How Effective is Rescue Spotting? - USA Gymnastics

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prevention of catastrophic injury, and that even when a spot is applied a gymnast may still be injured (3, 7). Spotting, in general, can be applied in many different ...

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How Effective is Rescue Spotting? Wm A. Sands, Ph.D. Department of Exercise and Sport Science University of Utah

Hand spotting is a unique aspect of gymnastics training and performance that has received considerable scrutiny in recent years. The advent of the foam pit may have resulted in a reduction in the amount of hand spotting that occurs in typical gymnastics training (2), but I believe that most would acknowledge that hand spotting is still an important and sometimes essential aspect of safe gymnastics training and performance. Spotting has been defined in various ways and includes a variety of purposes: z z z z z z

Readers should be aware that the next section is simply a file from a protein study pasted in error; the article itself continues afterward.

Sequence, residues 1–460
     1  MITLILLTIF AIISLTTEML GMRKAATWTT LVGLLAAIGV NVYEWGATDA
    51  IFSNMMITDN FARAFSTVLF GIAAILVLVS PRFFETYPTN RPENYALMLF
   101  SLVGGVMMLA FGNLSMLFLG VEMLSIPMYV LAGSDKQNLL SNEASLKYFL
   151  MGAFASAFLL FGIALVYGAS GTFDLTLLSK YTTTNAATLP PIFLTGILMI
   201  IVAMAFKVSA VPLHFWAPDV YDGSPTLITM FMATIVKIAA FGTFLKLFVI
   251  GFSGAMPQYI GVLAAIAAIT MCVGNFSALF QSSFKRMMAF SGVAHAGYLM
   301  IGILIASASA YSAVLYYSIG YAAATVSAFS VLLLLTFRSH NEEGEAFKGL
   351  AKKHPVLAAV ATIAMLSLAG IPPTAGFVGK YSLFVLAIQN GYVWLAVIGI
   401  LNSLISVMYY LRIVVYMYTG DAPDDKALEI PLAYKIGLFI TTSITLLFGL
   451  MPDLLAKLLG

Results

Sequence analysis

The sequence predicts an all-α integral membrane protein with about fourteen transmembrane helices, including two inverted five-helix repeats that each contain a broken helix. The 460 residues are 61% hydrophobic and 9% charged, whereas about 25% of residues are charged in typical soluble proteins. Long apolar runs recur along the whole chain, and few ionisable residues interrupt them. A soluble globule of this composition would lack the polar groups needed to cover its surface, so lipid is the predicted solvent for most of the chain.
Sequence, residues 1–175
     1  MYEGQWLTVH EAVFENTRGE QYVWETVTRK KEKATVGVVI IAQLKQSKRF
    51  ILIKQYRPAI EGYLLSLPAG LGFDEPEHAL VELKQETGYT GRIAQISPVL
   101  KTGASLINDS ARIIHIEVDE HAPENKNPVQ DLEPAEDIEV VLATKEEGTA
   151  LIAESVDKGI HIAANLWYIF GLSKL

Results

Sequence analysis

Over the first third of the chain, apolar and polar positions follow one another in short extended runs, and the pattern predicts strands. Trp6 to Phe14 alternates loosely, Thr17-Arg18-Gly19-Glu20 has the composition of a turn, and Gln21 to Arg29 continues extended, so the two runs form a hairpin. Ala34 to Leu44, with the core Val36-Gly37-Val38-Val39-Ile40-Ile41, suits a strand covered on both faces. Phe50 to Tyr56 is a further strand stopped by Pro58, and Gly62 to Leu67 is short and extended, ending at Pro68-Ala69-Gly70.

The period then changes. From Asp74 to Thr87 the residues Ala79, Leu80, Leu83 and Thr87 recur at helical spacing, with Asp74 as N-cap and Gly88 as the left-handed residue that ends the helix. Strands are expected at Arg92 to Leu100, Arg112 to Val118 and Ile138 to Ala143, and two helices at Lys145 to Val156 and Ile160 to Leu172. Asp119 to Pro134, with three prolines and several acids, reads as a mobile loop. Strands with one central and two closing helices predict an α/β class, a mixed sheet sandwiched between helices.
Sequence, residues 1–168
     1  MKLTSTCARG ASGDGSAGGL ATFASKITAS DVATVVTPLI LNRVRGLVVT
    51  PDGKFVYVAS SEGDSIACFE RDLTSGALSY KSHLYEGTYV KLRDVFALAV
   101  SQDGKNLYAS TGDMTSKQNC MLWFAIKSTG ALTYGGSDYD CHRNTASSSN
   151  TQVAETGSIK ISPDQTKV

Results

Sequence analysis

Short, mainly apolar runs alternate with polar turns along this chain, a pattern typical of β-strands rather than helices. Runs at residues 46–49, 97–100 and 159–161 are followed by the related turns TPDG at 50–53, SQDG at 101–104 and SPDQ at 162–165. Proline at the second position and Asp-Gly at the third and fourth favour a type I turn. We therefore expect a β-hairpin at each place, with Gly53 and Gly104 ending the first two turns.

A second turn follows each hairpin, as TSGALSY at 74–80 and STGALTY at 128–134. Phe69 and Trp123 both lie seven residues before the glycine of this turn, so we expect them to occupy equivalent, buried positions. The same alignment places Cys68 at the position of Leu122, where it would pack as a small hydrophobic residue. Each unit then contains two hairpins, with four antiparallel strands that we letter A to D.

Physically demonstrating proper (desired) body positions. Physically identifying important changes in body position or transitions. Reminders or cues to the athlete – use a light touch and/or verbal cues. Physically assisting the performance of the whole (or part) of a skill or series. Motivation - to alleviate fear and build confidence. As a “safety spot” – ready to assist if necessary. (7, p. 3)